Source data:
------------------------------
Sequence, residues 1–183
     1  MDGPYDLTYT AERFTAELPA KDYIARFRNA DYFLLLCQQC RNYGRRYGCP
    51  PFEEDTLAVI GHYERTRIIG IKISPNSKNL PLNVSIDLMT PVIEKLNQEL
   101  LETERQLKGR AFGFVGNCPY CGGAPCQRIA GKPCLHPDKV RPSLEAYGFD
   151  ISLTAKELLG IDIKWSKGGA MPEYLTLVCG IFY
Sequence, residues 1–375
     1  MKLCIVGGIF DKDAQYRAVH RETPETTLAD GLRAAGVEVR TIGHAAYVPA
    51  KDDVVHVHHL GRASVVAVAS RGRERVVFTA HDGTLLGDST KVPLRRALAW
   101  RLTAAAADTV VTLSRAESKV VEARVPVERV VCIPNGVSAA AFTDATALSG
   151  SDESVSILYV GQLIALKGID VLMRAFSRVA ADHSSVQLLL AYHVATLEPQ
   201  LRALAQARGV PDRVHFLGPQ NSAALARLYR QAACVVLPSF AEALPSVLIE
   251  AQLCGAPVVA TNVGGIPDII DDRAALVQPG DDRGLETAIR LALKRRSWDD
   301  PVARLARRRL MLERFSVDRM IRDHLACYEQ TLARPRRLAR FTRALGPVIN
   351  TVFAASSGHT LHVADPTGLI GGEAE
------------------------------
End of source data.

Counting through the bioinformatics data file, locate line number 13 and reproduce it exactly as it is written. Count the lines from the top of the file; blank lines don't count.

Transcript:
   301  PVARLARRRL MLERFSVDRM IRDHLACYEQ TLARPRRLAR FTRALGPVIN